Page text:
Piriformis Syndrome

Piriformis Syndrome

Article by Alex Clarke

Piriformis Syndrome

What is Piriformis Syndrome?

If you are experiencing hip, buttock, hamstring or sciatic pain, you may be suffering from Piriformis Syndrome.

It’s a disorder that occurs when your sciatic nerve is compressed and irritated as it passes deep through your buttock, resulting in pain and/or numbness down the leg.

Sometimes the condition is called ‘pseudo sciatica’, as it is often confused with pain in the nerve resulting from a low back disc bulge.

Your diagnosis of piriformis syndrome should be made after a spinal nerve root compression (e.g. disc bulge) has been eliminated as a cause of your sciatica symptoms.

Where is your Piriformis Muscle?

piriformis syndrome

What are the Symptoms of Piriformis Syndrome?

You may experience one or more of the following symptoms:

  • Pain is usually felt in one buttock – but you may experience radiation of pain down the back of the leg (sciatica).
  • Pain aggravated by prolonged sitting or activities that stress the piriformis muscle.
  • To avoid pain and pressure on the area, you may sit lopsided with your sore buttock tilted up.
  • Sometimes, you’ll walk with the foot turned out due to shortening of the piriformis muscle.

What Causes Piriformis Syndrome?

Piriformis syndrome is most commonly caused by overworking your piriformis muscle or decreased space in the buttock area, which compresses the muscle and nerve.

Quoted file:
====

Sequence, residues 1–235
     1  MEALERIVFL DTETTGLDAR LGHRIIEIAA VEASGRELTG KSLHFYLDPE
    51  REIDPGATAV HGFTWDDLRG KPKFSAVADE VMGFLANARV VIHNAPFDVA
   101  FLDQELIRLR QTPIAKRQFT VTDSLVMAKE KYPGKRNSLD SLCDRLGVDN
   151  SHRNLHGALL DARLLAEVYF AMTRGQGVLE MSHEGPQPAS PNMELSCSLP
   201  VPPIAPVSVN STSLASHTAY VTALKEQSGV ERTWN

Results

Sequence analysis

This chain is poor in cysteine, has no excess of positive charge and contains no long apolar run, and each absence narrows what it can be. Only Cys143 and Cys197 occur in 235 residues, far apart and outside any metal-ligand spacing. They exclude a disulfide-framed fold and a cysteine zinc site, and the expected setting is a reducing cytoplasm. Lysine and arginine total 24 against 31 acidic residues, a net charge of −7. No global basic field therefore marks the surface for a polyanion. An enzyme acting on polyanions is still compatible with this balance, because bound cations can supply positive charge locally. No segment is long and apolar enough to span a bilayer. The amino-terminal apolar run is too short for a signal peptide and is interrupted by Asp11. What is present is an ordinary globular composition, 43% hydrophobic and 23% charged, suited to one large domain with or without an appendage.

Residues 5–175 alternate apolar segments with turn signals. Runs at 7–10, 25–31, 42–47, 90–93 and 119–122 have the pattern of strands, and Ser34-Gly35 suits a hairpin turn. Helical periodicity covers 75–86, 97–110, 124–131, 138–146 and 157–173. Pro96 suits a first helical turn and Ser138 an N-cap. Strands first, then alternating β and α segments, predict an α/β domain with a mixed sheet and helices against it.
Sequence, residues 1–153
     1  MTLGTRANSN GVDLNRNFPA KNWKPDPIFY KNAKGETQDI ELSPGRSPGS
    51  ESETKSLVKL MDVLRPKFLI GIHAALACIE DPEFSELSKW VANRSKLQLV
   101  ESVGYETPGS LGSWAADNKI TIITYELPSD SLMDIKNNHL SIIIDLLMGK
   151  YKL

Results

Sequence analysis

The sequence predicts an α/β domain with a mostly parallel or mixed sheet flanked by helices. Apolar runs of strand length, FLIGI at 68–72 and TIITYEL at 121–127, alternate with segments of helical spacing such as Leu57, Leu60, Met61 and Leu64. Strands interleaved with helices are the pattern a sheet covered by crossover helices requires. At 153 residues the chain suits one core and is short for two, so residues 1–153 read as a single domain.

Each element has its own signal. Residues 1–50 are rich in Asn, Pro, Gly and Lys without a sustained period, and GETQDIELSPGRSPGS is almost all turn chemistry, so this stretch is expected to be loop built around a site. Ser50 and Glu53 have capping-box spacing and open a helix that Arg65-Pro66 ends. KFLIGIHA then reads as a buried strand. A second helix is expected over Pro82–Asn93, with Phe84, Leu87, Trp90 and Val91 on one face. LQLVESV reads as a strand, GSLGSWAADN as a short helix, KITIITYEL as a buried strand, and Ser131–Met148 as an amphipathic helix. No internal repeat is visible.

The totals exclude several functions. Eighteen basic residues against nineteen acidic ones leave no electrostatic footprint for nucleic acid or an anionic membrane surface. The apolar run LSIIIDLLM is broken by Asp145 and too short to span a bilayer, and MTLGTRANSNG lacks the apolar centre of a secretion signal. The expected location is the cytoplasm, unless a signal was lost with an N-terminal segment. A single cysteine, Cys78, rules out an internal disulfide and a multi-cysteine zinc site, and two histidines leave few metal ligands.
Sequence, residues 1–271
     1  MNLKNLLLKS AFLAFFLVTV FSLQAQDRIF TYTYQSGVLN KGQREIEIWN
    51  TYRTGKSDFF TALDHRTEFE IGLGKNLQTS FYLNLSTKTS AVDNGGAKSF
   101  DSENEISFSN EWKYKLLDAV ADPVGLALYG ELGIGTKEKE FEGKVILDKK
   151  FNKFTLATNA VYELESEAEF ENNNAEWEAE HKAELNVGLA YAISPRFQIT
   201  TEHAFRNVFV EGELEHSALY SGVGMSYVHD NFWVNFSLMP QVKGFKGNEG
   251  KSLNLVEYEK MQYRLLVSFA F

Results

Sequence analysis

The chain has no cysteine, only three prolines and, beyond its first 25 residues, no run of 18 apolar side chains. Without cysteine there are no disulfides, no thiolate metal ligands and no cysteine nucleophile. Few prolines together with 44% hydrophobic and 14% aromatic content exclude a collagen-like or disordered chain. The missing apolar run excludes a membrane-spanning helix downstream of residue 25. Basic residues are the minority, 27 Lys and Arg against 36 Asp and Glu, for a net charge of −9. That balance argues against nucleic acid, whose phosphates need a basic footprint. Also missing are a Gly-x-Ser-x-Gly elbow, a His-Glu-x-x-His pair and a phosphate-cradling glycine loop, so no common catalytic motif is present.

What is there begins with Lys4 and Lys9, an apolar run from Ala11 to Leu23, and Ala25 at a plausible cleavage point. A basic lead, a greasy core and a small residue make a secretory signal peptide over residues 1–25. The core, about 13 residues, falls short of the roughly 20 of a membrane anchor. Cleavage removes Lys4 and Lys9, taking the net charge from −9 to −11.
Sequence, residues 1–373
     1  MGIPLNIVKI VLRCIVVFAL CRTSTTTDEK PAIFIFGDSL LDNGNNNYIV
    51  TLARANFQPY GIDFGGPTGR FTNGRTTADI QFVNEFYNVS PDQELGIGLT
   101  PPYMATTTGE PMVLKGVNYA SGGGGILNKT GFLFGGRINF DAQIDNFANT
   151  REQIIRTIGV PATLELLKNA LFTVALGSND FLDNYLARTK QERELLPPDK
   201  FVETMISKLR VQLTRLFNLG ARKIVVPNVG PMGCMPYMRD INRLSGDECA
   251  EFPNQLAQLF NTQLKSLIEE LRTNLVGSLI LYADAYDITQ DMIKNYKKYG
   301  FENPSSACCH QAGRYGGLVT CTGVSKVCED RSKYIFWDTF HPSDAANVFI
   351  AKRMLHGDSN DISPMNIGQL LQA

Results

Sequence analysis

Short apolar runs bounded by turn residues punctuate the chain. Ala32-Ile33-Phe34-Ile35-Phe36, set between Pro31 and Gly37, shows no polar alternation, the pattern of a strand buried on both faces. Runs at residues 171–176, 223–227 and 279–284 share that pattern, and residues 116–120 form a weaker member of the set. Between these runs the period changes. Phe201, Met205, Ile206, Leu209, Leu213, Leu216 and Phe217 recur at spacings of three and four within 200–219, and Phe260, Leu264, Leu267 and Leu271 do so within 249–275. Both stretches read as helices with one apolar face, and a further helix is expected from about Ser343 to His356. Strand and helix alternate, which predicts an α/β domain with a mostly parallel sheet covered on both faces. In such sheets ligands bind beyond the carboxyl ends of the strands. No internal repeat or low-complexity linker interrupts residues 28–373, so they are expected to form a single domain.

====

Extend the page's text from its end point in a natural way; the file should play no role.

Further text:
The main reasons that the piriformis muscle overworks are:

  • Protection or dysfunction of the adjacent SIJ or hip joints
  • A weakness of your deep hip stability muscles
  • Overpronating feet

Decreased space to the buttock area is most commonly due to:

  • Hypertrophy of other buttock muscles
  • Inflammation from the sciatic nerve or piriformis muscle itself.
  • After trauma to the buttock area.

How is Piriformis Syndrome Diagnosed?

In most cases, a clinical examination excludes a potential lumbosacral spinal pathology.

Your physiotherapist performs clinical tests that potentially irritate your piriformis or provoke sciatic nerve compressions. They will then interpret the findings. Some piriformis-related tests are the Freiberg, the Pace, the FAIR, the HCLK and Laseguese’s manoeuvres.

CT, MRI, ultrasound, and EMG are mostly useful in excluding conditions that could replicate piriformis syndrome. Electromyography (EMG) can show sciatic nerve compression but only in cases of chronic piriformis syndrome.

What’s the Treatment for Piriformis Syndrome?

After a thorough assessment of your back, pelvis and hips, your physiotherapist will determine the cause of your pain.

Once diagnosed, your treatment could involve any of the following:

What’s Your Prognosis for Piriformis Syndrome?

Piriformis syndrome responds favourably in the vast majority of cases. Short-term symptoms usually reverse within a few days. Long-standing symptoms may take a few weeks to address the biomechanical and muscle habits predisposing you to the injury.

Only rarely will surgery be required.

For more advice about Piriformis Syndrome, please seek the professional advice of your physiotherapist.

Common SIJ & Buttock Pain Sources

The following conditions may cause buttock pain or SIJ issues.

Joint Injuries

Pregnancy-Related Pain

Muscle-Related Injuries

Lateral Hip Pain

Nerve-Related Injuries

Bone-Related Injuries

Article by John Miller

SIJ & Buttock Pain Treatment Guidelines?

While SIJ and buttock pain treatment will vary depending on your specific diagnosis, your physiotherapist will have the following aims.

PHASE I - SIJ Pain Relief & Joint Protection

Pain Relief